Time for the guys to go to the mountains again. It's been a couple of years and it seemed that Josh got over what happened last time. This time I was determined to show him some granite and see if he could dig it as much as me. I didn't want to necessarily throw some really high stuff at him since I was unsure of how he would handle the altitude, so I went with a place that had most of the grandeur, but stuck mostly between 7000 and 10000 ft. Desolation Wilderness fit the bill. I was fortunate enough to secure some overnight permits mostly because I had picked a rugged, far from the trailhead "zone" for our first nights destination. It seems that this limits the amount of backpackers applying for this particular permit. I had designed a lollipop loop that started from Wrights lake, climbing six miles over Rockbound Pass, then continuing on Rockbound, but then veering off to travel the McConnel Lake loop where we intended to stay the first night. After the loop I wanted to climb up to the Velma Lakes and then up over Dicks Pass, then descending to lake Aloha for night two. Third day we would climb up over Mosquito Pass, then descend along with the Rubicon River, taking our first chance we could get to climb back up to Rockbound Pass and descend the final six miles back to the car. I think the whole trip would be about 42 miles with 8000 ft of climbing, and I felt pretty confident that Josh could do it. I intended to stay flexible with agenda though, knowing that all kinds of things can derail these type of plans.
The day started with a 5 a.m. wake-up, and a couple of hour drive to get past Sacramento before the traffic really starts. Got a solid breakfast and then an hour later arrived at the trail-head. The weather was looking perfect for the trip, low 70s for the high, and in the 40s at night.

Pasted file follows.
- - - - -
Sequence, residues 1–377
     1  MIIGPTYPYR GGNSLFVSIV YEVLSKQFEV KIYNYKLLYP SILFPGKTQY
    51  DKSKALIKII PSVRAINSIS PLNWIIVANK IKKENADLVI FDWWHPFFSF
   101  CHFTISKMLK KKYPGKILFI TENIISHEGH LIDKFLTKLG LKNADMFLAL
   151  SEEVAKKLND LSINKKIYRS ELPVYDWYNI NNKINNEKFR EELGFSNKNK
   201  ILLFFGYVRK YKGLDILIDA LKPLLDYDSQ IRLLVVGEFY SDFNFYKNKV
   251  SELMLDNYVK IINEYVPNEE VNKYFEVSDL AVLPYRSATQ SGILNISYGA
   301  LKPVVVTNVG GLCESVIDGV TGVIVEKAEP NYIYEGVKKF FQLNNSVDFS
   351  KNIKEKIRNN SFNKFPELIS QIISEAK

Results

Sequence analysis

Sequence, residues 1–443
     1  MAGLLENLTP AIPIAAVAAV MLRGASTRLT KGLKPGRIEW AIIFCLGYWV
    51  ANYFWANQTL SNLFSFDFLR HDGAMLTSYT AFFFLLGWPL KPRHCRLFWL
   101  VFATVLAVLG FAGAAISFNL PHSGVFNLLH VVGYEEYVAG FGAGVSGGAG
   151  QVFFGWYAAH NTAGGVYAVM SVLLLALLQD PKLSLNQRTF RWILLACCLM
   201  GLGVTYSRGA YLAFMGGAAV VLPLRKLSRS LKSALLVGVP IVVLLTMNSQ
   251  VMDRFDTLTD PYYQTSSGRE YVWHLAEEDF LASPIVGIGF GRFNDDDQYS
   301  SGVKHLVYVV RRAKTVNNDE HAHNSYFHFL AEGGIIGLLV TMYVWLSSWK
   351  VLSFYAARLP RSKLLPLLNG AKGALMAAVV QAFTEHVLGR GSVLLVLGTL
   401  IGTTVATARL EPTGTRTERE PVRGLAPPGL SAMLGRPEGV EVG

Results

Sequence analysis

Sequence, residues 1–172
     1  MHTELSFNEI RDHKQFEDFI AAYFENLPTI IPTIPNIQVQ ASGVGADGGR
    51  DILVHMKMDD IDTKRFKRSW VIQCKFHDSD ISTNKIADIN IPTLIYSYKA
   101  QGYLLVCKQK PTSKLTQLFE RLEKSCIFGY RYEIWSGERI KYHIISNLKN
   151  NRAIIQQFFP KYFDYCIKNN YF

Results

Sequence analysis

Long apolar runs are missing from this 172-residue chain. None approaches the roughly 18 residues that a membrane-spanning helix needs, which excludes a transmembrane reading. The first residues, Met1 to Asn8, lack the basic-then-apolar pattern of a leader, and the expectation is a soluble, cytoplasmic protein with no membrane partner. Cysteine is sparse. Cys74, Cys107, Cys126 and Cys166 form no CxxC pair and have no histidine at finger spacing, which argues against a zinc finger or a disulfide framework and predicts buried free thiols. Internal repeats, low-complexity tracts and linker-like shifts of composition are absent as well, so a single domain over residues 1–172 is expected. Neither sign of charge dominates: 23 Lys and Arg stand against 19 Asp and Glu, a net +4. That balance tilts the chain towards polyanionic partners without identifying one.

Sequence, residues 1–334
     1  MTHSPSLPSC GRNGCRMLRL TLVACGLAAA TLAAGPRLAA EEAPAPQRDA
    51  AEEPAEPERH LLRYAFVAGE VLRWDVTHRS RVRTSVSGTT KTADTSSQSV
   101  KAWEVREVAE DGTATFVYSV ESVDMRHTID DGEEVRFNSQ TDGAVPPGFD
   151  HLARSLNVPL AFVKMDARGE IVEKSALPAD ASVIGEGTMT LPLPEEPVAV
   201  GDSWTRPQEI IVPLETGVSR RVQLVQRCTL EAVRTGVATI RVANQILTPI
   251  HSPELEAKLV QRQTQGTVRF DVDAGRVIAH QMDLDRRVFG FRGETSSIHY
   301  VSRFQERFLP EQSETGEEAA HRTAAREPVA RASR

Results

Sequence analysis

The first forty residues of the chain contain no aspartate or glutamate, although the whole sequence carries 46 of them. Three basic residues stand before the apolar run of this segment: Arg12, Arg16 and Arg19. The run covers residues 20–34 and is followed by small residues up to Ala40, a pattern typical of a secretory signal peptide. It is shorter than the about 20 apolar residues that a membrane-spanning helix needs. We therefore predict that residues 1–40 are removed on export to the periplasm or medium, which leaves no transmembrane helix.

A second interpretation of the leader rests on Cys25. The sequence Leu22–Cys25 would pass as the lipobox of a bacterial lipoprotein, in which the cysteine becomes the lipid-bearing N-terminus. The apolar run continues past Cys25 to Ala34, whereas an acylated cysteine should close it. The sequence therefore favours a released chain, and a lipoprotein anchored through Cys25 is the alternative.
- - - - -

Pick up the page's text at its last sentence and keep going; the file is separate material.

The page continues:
|Beauty Lake was Josh's introduction to the Alpine lake smorgasbord.|
|Rockbound - living up to the name. Josh really enjoyed the rocky trails (in the beginning).|
|Location of our first snack break.|
|Still in good spirits.|
|Rockbound Pass (8500 ft), looking back at where we came.|
|Lunch at lake on other side of pass.|
|One of the high alpine meadows in the loop.|
|Dinner time. Josh was super proud of finding his rock "recliner"|
|Sun going down.|
Video of where we are going to die:
|Hilarious shot I got of the human tomato the next morning.|
|Time to get going again!|
|First of the "Q" lakes.|
|I think the sign on the other side said "hazardous", this one's warning was even more ominous.|
|Interesting shape for a tree on the climb up to Velma Lakes.|
|Finally got a view of lake Tahoe up at Dardenelles.|
|Looking down at Dicks lake and Dardenelles as we climb up to the 9400 ft Dick's Pass.|
|Looking down the other side of Dicks.|
|Josh - hobbling along with his walking stick.|
|Josh picked another winner of a camping spot at lake Aloha. It was an incredibly windy night though.|
|Packing up the next morning.|
|Descending from Mosquito Pass.|
Video of Josh braving the "dam":
|Up and over Rockbound one last time and back to the car.|